captpackrat: (Bunny morning)
[personal profile] captpackrat
Lapism isn't a religion in the usual sense, there's no specific deity to be worshiped, no teachings on the afterlife and no divinely inspired holy book.  There is no clergy, no idols or icons, no proselytizing, no tithing and no formal prayers.  Rather it's a form of transhumanism, a movement that uses science and technology to improve humanity.  Lapists have their bodies genetically transformed into anthropomorphic rabbits.  The alteration isn't merely cosmetic, the changes include modifications to the brain to reduce aggression and increase sociability.  The rabbit form also acts as social reinforcement; people expect a rabbit to be peaceful and gentle so that stereotype and peer pressure help insure that this remains true.  The transformation is quite expensive (the actual price isn't mentioned in the stories, but from various comments I'm guessing it's in the $100,000+ range) and while it is reversible, the process to be returned to human form is substantially more expensive.


Now the question I put to you, dear readers, is would you undergo such a procedure?

You would have a new body, shaped like a humanoid rabbit, with fur and claws and buck teeth, with increased strength, speed and agility, improved senses of smell and hearing and faster reaction times.  On the other hand, your brain would be altered, slightly tweaking your fight-or-flight response towards fleeing and increasing your need for physical contact with other Lapists (hugging, snuggling, etc).  You would also be strictly limited to a vegetarian diet, the mere thought of eating meat would make you ill.  You would also likely be forced into considerable debt to pay for the transition.  You would then have to wear this new form for the rest of your life, with people stereotyping you and judging you and your actions based on it.  You'd even be expected to take a new name.  And it's lapine only, you'd have no other choice in species.

Would you go through with it?

Date: 2009-09-19 11:34 pm (UTC)
From: [identity profile] mondhasen.livejournal.com
No, I don't think I'd want to make the change. I like myself the way I am and can't imagine doing anything so drastic as to mess with that. I once answered the furvey questionnaire that I would change into a bunny if I could change back, but that was a different circumstance.

...it was enough of a decision to get a tattoo.

I vaguely recall an article about people who have surgery to enhance their furry looks (horns, facial rearrangement) but can't find it in a quick hop on the net.

Date: 2009-09-20 03:38 am (UTC)
From: [identity profile] equusmaximus.livejournal.com
There was a time when I would have liked to have been a rabbit. This was shortly before "horse fever" hit me, and shortly after being absolutely enthralled by the novel "Watership Down" (which remains one of my very favourite books - I have four copies, and the movie on LaserDisc and DVD!) :)

These days however, no, I don't think I'd want to be a humanoid bunny. Horse maybe, or better, a Unicorn, but not a bunny. Too many dang kids demanding Easter Eggs all the time! ;)

Date: 2009-09-20 03:41 am (UTC)
ext_56720: (comments)
From: [identity profile] mortonfox.livejournal.com
Have you read Fox Bunny Funny? It's a graphic novel about a fox who wants to be a rabbit.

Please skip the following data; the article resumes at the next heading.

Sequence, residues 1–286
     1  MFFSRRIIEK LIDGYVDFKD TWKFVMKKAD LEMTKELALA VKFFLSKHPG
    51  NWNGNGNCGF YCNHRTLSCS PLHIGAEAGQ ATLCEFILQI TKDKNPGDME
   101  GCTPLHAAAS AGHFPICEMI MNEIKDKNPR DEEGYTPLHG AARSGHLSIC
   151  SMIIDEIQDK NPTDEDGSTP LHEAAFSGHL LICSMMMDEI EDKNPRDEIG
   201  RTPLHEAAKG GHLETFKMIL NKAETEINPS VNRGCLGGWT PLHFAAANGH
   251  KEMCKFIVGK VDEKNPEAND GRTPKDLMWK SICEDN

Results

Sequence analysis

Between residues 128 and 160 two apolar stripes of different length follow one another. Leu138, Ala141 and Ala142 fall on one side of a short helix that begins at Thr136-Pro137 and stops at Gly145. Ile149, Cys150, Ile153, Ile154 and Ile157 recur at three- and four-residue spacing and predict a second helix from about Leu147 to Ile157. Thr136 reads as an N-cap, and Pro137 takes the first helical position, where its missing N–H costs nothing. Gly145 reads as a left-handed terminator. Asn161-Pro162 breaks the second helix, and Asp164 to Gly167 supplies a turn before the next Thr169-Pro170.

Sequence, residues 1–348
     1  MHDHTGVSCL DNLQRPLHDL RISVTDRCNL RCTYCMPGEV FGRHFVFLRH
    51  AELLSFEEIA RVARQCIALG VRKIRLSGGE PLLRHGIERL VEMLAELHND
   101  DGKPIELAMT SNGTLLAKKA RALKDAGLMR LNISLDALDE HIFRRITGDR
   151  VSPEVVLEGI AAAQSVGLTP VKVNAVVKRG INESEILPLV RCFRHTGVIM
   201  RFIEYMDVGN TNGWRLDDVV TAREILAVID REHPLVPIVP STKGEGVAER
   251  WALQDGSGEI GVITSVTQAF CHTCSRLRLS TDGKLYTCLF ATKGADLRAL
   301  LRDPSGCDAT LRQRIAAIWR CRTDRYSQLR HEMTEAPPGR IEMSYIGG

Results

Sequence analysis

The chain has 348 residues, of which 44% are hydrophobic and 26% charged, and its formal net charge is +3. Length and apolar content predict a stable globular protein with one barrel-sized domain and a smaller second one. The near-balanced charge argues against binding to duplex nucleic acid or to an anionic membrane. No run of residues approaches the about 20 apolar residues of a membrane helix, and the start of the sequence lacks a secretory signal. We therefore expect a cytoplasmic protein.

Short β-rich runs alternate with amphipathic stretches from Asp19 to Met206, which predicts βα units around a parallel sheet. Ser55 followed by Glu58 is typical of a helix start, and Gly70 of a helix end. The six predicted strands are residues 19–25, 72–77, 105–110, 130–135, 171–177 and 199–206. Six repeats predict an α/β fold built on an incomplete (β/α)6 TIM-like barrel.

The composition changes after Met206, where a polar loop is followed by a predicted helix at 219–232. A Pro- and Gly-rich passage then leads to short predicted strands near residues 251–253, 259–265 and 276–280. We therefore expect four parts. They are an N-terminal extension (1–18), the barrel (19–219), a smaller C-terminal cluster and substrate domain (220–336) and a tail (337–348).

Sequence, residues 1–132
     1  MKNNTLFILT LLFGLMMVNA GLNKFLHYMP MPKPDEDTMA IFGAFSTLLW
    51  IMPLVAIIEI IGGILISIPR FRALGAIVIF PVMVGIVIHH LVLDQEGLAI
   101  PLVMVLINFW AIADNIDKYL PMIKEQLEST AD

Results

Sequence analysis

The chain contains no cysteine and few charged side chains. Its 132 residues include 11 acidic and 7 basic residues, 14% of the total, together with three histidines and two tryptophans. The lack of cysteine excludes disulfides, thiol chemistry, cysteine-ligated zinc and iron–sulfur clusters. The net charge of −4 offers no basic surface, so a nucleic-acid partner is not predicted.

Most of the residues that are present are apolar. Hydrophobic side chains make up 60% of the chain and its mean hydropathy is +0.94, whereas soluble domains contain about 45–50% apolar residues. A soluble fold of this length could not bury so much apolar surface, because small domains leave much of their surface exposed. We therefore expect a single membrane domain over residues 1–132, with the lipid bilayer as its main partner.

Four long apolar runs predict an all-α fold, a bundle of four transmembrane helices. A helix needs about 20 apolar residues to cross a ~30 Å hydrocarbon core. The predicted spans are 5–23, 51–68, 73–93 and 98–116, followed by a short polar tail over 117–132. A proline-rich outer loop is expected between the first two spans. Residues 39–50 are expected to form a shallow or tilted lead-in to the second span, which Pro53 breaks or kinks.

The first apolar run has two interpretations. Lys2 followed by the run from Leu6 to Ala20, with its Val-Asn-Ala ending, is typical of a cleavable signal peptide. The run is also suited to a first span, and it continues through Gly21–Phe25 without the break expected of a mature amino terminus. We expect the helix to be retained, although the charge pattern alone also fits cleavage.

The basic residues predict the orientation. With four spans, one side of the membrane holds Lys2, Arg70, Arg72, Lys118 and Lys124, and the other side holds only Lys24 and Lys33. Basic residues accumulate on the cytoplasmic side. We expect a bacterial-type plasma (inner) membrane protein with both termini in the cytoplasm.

Date: 2009-09-20 05:55 am (UTC)
From: [identity profile] rustitobuck.livejournal.com
Though I'm born in the year of the Rabbit, and I loved Watership Down, I don't know if I'd go through with it.

It's tempting, but there are a few detractions. For one thing, I'm not well socialized, so I'd probably suffer for lack of snuggles. I'm fearful enough as it is, I don't need more of that. I like meat way too much; I'd hope the change would make me actually like vegetables.

The real rough part would be reingesting my soft pellets.

There's a good side and a bad side for everything, I suppose. Would it be worth the soft, warm fur? Maybe, maybe not.

Oh, I see this comes from Phil Geusz. He's pretty clever.

Date: 2009-09-21 12:30 pm (UTC)
ext_39907: The Clydesdale Librarian (studious)
From: [identity profile] altivo.livejournal.com
You should read Phil's book. It's very well done.

Yes, the physical change would make you crave veggies. He never mentions recycling partly digested stuff, but if it were necessary you'd crave that too just as a real rabbit does.

The cuddles part is also near instinctive and the transformation makes lapists want to hug each other and snuggle, even with their political enemies.

It's far from being all sugar and cream, though. (Or should I say carrots and celery?) I recommend the book highly, and have been intending to do a review of it.

Date: 2009-09-20 11:07 am (UTC)
From: [identity profile] marko-the-rat.livejournal.com
I think I'll wait for the rat model. Plus, where would I get $100,000?

Date: 2009-09-21 12:27 pm (UTC)
ext_39907: The Clydesdale Librarian (studious)
From: [identity profile] altivo.livejournal.com
I've read Phil's book and liked it a lot. As usual, there is considerable depth and complexity to the images and concepts he uses, and they can be interpreted in multiple ways.

At this point, no, I wouldn't choose to be gengineered into anything. But I certainly would like to be able to read the whole of The Book of Peace. The context here is about perception and response, I think, rather than the real physical transformation. A lapist does transform himself, yes, but largely as an outward symbolic representation of the transformation he is trying to undergo internally. While I agree that the physical transformation would help to enforce the desired spiritual and mental transformation, I don't believe it is essential to the process. And I do believe that the mental refocusing is the real goal of the whole thing. ;D

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